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What Is Dilated Cardiomyopathy?

Dilated cardiomyopathy (DCM) is a condition in which the heart's ability to pump blood is decreased because the heart's main pumping chamber, the left ventricle, is enlarged and weakened. In some cases, it prevents the heart from relaxing and filling with blood as it should. Over time, it can affect the other heart chambers.

What Are the Symptoms of DCM?

Many people with dilated cardiomyopathy have no symptoms or only minor symptoms, and live a normal life. Other people develop symptoms, which may progress and worsen as heart function worsens.

Symptoms of DCM can occur at any age and may include:

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Dilated Cardiomyopathy Definition

A disorder in which the chambers of the heart are dilated (enlarged) because the heart muscle is weakened and cannot pump effectively. There are many causes, the most common being myocardial ischemia (not enough oxygen supplied to the heart muscle) due to coronary artery disease.

What Causes DCM?

DCM can be inherited, but it is primarily caused by a variety of other factors, including:

It can also occur in women after childbirth (postpartum cardiomyopathy).

How Is DCM Diagnosed?

DCM is diagnosed based on medical history (your symptoms and family history), physical exam, blood tests, electrocardiogram (ECG or EKG), chest X-ray, echocardiogram, exercise stress test, cardiac catheterization, CT scan, and MRI.

Another test rarely done to determine the cause of a cardiomyopathy is a myocardial biopsy, or heart biopsy, where a tissue sample is taken from the heart and examined under a microsope to determine the cause of the symptoms.

If you have a relative with dilated cardiomyopathy, ask your doctor if you should be screened for the condition. Genetic testing may also be available to identify abnormal genes.

What Is the Treatment for DCM?

Treatment of dilated cardiomyopathy is aimed at decreasing the heart size and the substances in the bloodstream that enlarge the heart and ultimately lead to worsened symptoms:

Medications: To manage heart failure, most people improve by taking drugs, such as a beta-blocker, ACE inhibitor an ARB, and/or diuretics. If you have an arrhythmia (irregular heart beat), your doctor may give you a medication to control your heart rate or lessen the occurrence of arrhythmias. Blood thinners may be used to prevent blood clots from occurring.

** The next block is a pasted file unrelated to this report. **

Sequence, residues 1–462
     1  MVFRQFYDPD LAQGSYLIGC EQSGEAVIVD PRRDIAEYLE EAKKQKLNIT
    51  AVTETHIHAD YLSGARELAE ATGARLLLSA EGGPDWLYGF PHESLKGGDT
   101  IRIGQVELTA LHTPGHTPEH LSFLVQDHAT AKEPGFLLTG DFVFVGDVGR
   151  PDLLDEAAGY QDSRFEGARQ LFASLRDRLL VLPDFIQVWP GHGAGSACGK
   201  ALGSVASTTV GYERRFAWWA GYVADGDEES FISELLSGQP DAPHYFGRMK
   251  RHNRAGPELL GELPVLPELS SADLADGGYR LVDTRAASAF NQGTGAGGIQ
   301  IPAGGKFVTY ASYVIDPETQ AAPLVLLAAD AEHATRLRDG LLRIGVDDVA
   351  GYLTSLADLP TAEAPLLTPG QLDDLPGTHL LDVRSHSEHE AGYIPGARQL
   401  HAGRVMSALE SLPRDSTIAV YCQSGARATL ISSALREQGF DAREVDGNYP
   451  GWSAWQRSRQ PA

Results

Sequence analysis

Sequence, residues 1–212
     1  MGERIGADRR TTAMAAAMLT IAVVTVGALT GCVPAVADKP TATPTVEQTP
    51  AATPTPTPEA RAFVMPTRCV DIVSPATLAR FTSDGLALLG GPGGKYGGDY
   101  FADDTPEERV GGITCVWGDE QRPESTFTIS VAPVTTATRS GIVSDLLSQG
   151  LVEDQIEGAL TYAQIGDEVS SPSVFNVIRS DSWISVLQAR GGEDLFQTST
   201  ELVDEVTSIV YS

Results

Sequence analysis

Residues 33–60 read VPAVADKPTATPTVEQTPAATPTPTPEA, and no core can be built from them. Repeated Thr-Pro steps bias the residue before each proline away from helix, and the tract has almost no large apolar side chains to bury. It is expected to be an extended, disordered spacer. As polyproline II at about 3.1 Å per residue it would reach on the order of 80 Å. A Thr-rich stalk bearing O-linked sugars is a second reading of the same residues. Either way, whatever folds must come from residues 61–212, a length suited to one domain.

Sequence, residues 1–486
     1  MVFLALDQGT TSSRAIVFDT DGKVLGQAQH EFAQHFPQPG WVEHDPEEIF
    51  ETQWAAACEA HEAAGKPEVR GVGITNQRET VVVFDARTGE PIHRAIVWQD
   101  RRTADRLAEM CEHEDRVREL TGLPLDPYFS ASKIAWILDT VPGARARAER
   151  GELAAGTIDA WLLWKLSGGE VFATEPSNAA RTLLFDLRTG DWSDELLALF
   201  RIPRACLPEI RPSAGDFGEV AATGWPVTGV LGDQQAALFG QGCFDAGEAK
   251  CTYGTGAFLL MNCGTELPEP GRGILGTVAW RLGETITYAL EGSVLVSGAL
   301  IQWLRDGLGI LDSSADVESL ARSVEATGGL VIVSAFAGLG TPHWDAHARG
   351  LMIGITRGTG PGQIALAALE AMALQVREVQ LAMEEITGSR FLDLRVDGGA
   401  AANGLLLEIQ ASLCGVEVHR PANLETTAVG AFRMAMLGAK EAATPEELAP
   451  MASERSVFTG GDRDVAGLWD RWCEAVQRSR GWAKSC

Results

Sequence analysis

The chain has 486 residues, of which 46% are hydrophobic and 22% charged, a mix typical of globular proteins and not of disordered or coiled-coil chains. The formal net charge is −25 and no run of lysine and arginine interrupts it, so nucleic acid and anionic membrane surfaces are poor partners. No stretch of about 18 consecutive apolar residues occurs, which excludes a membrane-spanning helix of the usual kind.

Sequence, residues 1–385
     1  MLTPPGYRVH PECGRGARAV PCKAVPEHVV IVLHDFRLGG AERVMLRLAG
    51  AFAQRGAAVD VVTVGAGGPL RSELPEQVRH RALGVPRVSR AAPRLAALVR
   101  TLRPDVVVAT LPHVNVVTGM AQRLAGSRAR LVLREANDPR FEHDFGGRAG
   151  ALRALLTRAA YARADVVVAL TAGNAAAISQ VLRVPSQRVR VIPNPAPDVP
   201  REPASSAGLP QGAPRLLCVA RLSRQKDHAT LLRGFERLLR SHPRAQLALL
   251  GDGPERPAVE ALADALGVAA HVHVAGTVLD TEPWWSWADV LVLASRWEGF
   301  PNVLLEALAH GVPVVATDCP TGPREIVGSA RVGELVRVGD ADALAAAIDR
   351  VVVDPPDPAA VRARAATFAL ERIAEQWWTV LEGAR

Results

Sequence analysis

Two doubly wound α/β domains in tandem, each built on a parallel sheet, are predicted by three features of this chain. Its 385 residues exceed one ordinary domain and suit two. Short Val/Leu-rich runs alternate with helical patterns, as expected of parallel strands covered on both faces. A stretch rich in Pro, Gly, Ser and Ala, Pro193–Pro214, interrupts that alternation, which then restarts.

Lifestyle changes: If you have heart failure, sodium should be restricted to 2,000-3,000 mg per day -- for the rest of your life. Your doctor may recommend aerobic exercise, but don't do heavy weight lifting.

What Surgeries Are Used to Treat DCM?

People with severe DCM may need one of the following surgeries:

  • Cardiac resynchronization by biventricular pacemaker. For some people with DCM, stimulating both the right and left ventricles with this pacemaker improves the heart's ability to contract with more force, thereby improving symptoms and increasing the length of time you can exercise. This pacemaker also will help people with heart block or some bradycardias (slow heart rates).
  • Implantable cardioverter defibrillators (ICD). ICDs are suggested for people at risk for life-threatening arrhythmias or sudden cardiac death. The ICD constantly monitors the heart rhythm. When it detects a very fast, abnormal heart rhythm, it ''shocks'' the heart muscle into returning to a normal rhythm.
  • Surgery. Conventional surgeries for coronary artery disease or valvular disease may be recommended. Some people may be eligible for surgical repair of the left ventricle or placement of a cardiac assist device.
  • Heart transplant

WebMD Medical Reference

SOURCES:

Cleveland Clinic Heart and Vascular Institute. The Cardiomyopathy Association. American Heart Association. Emedicine.

Reviewed by Michael F. Richman, MD, FCCP, FACS on February 29, 2012

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Reviewed on 2/29/2012
References
SOURCES:

Cleveland Clinic Heart and Vascular Institute. The Cardiomyopathy Association. American Heart Association. Emedicine.

Reviewed by Michael F. Richman, MD, FCCP, FACS on February 29, 2012

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